When the external filter cake needs to be removed, it can be removed from the injection well by using an acid wash. By "acid wash," we mean circulating an acid solution down the wellbore past the external filter cake, and then returned to surface for disposal. The preferred acid is hydrochloric acid.
FIG. 1 shows a schematic drawing of how the filter cake would form within an injection well. The well is in reservoir 10. The non-compressible solids 20 are injected with the water and are stopped at the face of the reservoir, thereby forming a filter cake. This filter cake captures fine particulates 30 that would otherwise enter the reservoir and damage the permeability of the reservoir.
While the present invention has been described with reference to specific embodiments, this application is intended to cover those various changes and substitutions that may be made by those skilled in the art without departing from the spirit and scope of the appended claims.
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|U.S. Classification||166/268, 166/281, 166/305.1, 166/278|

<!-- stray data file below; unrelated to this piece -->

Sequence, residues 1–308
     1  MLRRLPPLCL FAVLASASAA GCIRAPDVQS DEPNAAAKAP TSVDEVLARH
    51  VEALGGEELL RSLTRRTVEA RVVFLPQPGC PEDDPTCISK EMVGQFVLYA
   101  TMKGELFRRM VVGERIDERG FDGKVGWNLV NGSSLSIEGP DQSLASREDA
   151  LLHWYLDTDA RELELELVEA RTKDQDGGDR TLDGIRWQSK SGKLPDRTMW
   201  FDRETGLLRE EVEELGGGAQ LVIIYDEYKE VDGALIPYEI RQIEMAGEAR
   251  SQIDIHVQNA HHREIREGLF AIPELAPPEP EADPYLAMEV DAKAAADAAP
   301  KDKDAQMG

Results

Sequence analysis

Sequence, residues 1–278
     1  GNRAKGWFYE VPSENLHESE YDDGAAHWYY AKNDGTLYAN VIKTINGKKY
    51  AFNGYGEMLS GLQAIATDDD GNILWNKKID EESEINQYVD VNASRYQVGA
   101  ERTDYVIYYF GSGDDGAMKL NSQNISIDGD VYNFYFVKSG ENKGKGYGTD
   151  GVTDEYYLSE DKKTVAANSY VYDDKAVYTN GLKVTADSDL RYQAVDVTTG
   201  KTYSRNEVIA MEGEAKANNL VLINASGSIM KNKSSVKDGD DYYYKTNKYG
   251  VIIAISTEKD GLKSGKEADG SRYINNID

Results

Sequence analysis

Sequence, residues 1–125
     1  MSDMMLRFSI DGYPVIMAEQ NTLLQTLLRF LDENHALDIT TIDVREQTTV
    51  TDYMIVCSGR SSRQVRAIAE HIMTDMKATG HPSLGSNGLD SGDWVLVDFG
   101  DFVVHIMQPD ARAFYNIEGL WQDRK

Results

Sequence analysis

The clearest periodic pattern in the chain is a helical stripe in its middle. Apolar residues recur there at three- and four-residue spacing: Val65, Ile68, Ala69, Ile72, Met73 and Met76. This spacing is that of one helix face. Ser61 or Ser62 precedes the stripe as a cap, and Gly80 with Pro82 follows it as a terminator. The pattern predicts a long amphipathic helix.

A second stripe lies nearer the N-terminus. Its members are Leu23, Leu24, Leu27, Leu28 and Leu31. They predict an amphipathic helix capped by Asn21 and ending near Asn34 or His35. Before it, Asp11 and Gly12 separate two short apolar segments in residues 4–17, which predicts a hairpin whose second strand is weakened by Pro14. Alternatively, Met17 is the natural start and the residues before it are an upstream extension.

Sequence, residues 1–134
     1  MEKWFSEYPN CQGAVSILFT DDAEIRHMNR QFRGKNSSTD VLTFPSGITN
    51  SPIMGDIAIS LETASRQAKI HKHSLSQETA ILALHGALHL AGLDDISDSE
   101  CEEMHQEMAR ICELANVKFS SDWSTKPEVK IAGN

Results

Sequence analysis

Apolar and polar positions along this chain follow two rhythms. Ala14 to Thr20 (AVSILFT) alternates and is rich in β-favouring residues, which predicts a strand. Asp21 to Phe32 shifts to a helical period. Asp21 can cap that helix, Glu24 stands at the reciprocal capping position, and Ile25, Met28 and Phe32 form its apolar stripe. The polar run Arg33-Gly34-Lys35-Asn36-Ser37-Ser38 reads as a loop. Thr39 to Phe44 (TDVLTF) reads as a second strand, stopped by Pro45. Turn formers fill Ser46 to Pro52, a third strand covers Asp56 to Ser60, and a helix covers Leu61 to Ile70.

|International Classification||E21B43/20, E21B37/06, E21B43/02, E21B41/00|
|Cooperative Classification||C09K8/572, E21B41/0057, E21B43/02, E21B43/20, E21B37/06|
|European Classification||E21B37/06, C09K8/57B, E21B41/00M2, E21B43/02, E21B43/20|
|Mar 25, 1992||AS||Assignment|
Owner name: CHEVRON RESEARCH AND TECHNOLOGY COMPANY A CORPOR
Free format text: ASSIGNMENT OF ASSIGNORS INTEREST.;ASSIGNOR:SHULER, PATRICK J.;REEL/FRAME:006068/0973
Effective date: 19920316
|Mar 21, 1997||FPAY||Fee payment|
Year of fee payment: 4
|Apr 9, 2001||FPAY||Fee payment|
Year of fee payment: 8
|Apr 27, 2005||REMI||Maintenance fee reminder mailed|
|Oct 12, 2005||LAPS||Lapse for failure to pay maintenance fees|
|Dec 6, 2005||FP||Expired due to failure to pay maintenance fee|
Effective date: 20051012